The founder of Logistics Executive Group, Kim Winter delivers 40 years of executive leadership experience spanning Executive Search & Recruitment, Leadership Development, Executive Coaching, Corporate Advisory, Motivational Speaking, Trade Facilitation and across the Supply Chain, Logistics, 3PL, E-commerce, Life Science, Cold Chain, FMCG, Retail, Maritime, Defence, Aviation, Resources, and Industrial sectors. Operating from the company’s global offices, he is a regular contributor of thought leadership to industry and media, is a professional Master of Ceremonies, and is frequently invited to chair international events.
He is a Board member of over a dozen companies throughout APAC, India, and the Middle East, a New Zealand citizen, he holds formal resident status in Australia and the UAE, and is the Australia & New Zealand representative for the UAE Government-owned Jebel Ali Free Zone (JAFZA), the Middle East’s largest Economic Free Zone.
A triathlete and ex-professional rugby player, Kim is a qualified (IECL Sydney) executive coach and the Founder / Chairman of the successful not for profit humanitarian organization, Oasis Africa (www. oasisafrica.org.au), which has provided freedom from poverty through education to over 8000 mainly orphaned children in East Africa’s slums. Kim holds an MBA and BA from Massey & Victoria Universities (NZ).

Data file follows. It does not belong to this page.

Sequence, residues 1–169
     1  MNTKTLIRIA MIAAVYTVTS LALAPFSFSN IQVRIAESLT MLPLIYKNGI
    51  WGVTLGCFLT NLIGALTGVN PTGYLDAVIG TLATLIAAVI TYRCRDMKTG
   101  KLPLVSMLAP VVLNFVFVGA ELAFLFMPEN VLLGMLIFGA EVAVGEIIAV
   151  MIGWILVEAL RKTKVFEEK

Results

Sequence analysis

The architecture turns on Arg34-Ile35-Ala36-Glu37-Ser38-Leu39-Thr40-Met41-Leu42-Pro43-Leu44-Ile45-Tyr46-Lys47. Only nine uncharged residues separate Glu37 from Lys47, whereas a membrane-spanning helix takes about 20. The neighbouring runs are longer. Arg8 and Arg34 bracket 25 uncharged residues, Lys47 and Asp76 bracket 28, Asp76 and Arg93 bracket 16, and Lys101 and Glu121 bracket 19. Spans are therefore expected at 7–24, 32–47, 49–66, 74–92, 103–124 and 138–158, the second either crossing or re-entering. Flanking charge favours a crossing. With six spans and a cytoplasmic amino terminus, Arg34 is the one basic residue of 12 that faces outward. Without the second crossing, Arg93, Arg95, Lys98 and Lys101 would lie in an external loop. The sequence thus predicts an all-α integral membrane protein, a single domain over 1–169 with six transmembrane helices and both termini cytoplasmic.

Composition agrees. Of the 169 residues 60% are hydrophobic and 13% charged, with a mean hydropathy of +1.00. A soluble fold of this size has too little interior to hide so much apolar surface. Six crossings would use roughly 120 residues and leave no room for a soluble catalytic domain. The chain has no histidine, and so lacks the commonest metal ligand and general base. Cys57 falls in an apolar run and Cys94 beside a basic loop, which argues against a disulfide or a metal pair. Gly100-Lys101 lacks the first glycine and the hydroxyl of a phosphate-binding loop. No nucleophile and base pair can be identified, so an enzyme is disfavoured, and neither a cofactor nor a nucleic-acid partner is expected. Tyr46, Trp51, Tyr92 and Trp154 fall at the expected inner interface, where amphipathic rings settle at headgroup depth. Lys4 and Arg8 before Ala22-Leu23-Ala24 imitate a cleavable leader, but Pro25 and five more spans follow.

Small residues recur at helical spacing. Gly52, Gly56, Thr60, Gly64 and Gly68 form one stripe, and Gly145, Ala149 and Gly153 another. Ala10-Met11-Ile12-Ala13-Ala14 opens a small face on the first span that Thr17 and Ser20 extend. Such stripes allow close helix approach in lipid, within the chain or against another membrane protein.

Host, Logistics with Purpose
Nick Roemer has had a very diverse and extensive career within design and sales over the last 15 years stretching from China, Dubai, Germany, Holland, UK, and the USA. In the last 5 years, Nick has developed a hawk's eye for sustainable tech and the human-centric marketing and sales procedures that come with it. With his far-reaching and strong network within the logistics industry, Nick has been able to open new avenues and routes to market within major industries in the USA and the UAE. Nick lives by the ethos, “Give more than you take." His professional mission is to make the logistics industry leaner, cleaner and greener.
Sales Support Intern
Alex is pursuing a Marketing degree and a Certificate in Legal Studies at the University of Georgia. As a dual citizen of both the US and UK; Alex has studied abroad at University College London and is passionate about travel and international business. Through her coursework at the Terry College of Business, Alex has gained valuable skills in digital marketing, analytics, and professional selling. She joined Supply Chain Now as a Sales Support Intern where she assists the team by prospecting and qualifying new business partners.